With much more of a whimper than a bang, Harper’s three ‘disgraced’ Senators have been suspended from the Senate. No doubt, Conservative insiders are patting each other on the back and sitting back and assuming that this headache is finally about the pass.
But is it?
Recent polling data has shown that the government, and particularly the Prime Minister, have taken a hit in popularity. Harper’s own personal credibility is in tatters, as many Canadians have stated that they do not believe Harper’s chain of events. Perhaps the biggest success story here is what Mike Duffy accomplished when he returned (Read more…)
Prime Minister Stephen Harper just one year ago. Actual Canadian prime ministers may not appear exactly as illustrated. Below: Senator Mike Duffy and former Harper cabinet member Jim Prentice.
Last Halloween, when Prime Minister Stephen Harper went trick ’n’ treating, he was monarch of all he surveyed.
This year, he’s a ghost.
Oh, Mr. Harper is still corporeal enough. He passed through security Wednesday on his way to Calgary, I suppose, although one imagines prime ministers don’t have to take off their shoes and shuffle along in their stockings, or answer to why they failed to stow their toothpaste is (Read more…)
Ipsos Reid just released new federal poll numbers. Their latest poll was conducted between Oct. 25 and 28, 2013. Their previous poll covered Oct. 16 to 20, 2013.
Here is a comparison between their 2 polls
Oct. 20 Oct. 28 NDP 27% 31% up 4% Lib 33% 31% down 2% Con 31% 30% down 1% Grn 2% 2% Blc 6% 6%
With the Senate scandal being front and centre in the news for the past couple of weeks, and with the performance of Thomas Mulcair hammering away at Harper in Question Period, I think we can see Canadians (Read more…)
TweetThe ghosts of Senate reform will haunt Prime Minister Stephen Harper as his party establishment gathers in Calgary on Halloween to discuss and debate party policy. After more than seven years in office, Mr. Harper’s Conservatives have accomplished little on the issue of reforming the Canadian Senate. Who would have thought that a Senate scandal […]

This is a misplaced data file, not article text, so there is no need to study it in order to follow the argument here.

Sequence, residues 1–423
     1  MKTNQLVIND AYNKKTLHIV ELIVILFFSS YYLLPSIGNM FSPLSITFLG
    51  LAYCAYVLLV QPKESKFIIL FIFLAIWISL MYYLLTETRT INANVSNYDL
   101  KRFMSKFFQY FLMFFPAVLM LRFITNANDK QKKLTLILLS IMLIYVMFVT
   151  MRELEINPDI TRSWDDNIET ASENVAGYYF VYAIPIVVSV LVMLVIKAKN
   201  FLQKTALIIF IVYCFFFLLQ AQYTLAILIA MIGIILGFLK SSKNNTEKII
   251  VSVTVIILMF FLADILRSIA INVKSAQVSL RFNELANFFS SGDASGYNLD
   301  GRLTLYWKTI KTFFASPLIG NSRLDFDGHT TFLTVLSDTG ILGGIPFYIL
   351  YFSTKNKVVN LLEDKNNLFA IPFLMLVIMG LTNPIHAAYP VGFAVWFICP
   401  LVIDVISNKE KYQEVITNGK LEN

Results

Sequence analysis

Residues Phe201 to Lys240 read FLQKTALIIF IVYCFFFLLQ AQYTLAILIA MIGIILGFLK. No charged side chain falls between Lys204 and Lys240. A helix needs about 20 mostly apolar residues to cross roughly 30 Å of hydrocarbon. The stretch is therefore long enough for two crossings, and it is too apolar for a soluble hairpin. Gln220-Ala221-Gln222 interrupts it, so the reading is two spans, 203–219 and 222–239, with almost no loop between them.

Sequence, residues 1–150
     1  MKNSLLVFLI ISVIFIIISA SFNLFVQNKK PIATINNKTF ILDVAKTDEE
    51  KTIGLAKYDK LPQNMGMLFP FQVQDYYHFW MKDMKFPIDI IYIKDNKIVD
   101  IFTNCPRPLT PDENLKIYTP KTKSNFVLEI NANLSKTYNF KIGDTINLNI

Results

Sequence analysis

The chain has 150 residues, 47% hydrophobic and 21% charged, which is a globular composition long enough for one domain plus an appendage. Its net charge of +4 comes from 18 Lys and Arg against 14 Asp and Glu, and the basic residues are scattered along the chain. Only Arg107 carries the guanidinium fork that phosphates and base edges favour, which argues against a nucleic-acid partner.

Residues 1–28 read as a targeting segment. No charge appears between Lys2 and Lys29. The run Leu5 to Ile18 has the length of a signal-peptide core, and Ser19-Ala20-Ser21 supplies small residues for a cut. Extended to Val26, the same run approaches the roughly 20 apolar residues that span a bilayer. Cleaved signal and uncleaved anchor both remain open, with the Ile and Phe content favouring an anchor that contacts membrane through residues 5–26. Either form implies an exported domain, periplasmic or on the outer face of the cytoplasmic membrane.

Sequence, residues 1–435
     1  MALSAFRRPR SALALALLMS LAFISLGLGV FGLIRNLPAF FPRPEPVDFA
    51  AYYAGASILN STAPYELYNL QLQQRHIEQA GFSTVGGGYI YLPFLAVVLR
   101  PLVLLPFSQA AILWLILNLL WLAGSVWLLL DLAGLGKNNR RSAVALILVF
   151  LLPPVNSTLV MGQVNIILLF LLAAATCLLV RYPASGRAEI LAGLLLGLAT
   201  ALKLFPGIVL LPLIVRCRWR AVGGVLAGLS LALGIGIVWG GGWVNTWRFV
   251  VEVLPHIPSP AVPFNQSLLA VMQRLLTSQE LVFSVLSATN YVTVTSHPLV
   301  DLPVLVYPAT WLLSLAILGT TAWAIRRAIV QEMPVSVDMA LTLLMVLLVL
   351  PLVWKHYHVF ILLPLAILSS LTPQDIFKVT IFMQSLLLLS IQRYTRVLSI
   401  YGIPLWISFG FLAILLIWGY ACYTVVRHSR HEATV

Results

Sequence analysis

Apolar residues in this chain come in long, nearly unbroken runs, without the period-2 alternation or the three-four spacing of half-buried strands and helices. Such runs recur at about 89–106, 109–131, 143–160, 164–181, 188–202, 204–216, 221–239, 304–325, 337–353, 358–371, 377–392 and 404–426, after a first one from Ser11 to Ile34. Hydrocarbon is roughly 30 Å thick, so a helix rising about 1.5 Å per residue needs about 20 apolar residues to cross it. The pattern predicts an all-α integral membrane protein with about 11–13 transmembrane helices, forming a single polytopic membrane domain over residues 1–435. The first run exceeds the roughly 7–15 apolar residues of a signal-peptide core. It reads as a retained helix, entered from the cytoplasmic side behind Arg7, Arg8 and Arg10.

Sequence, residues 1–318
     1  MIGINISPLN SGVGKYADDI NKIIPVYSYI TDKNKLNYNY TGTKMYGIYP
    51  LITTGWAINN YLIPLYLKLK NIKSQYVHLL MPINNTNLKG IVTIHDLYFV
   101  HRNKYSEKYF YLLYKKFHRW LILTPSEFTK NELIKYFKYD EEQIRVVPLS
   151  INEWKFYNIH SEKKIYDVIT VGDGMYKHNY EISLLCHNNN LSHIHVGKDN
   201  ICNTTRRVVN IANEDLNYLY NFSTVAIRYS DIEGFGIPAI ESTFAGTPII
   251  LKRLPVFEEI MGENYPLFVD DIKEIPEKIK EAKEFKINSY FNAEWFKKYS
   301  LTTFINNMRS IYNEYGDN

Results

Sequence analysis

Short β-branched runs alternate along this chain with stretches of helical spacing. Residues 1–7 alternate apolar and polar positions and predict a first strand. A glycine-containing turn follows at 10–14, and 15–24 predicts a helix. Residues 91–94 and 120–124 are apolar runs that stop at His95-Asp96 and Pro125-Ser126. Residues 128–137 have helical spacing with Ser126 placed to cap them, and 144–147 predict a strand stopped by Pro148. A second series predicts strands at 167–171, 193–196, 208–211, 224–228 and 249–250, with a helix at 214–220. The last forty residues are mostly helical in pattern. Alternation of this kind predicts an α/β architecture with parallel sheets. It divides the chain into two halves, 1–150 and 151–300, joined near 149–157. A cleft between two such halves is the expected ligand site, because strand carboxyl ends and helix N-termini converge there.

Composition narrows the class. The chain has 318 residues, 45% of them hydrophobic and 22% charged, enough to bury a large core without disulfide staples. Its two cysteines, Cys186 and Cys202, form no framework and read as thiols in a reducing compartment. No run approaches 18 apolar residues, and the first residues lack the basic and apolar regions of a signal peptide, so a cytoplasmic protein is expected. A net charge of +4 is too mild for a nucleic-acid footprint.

Assorted content to end your week.
- Tom Bergin reports on a predictable corporate attack on the very idea of government sovereignty – as tax evaders are insisting that their own demand for “certainty” in the availability of tax havens should trump the ability of tax authorities to assess where revenue should be taxed: The companies said the existing practice of recognizing inter-company transactions gave business greater certainty and encouraged trade by helping ensure the same profits were not taxed more than once.
Business groups were also cool on a proposal tabled in June by the Group of Eight (G8) (Read more…)
Michael Cooper, left, celebrates after a fashion the May 2, 2011, federal election victory of Edmonton-St. Albert MP Brent Rathgeber, as Mr. Rathgeber celebrates it in a more traditional and energetic way. (St. Albert Gazette photo.) Below: Mr. Cooper’s official campaign website photo; Mr. Rathgeber not long after his break with the Conservative caucus.
St. Albert, Alberta
When you hear the term “Conservative activist,” watch out! You might even want to run screaming from the room.
So it was not exactly reassuring to learn Wednesday that Michael Cooper, “lawyer and Conservative activist,” has announced his intention to seek the (Read more…)
We live in interesting, but not unprecedented political times. Darth Harper, the Controller-in-Chief, has done an admiral job of keeping things quiet, but the fruits of his autocratic nature are ripening quickly. The Senate expenditure scandal exposed that he vetted his appointments about as vigorously as John McCain’s campaign committee did when looking at Sarah […]
Summer vacation lasted a bit longer for MPs than for the rest of us. If you’re just tuning back in now as our parliamentarians head back to the House tomorrow, here’s what you may have missed.
For Justin, this was very much the summer of love. He ditched the suit for a pair of cargo shorts, got his wife pregnant, went on tour, and spent a lot of time talking about pot.
Even though Liberal Party members voted to legalize marijuana at their last convention, I don’t think anyone expected much more than a decriminalization promise (Read more…)
Despite not hailing from Nova Scotia, I suppose its time that we sat down and talked about what happened in the province. Though, this post will only touch on the topic; rather, we’re going to focus on something a bit grander that comes out of that discussion.
Now, as a non-resident, I can only form opinion and sift some aspect of truth from what resources I have at hand. There have been numerous explanations as to what happened in Nova Scotia that led to a collapse of the NDP, and a rejection of the party at the polls in an (Read more…)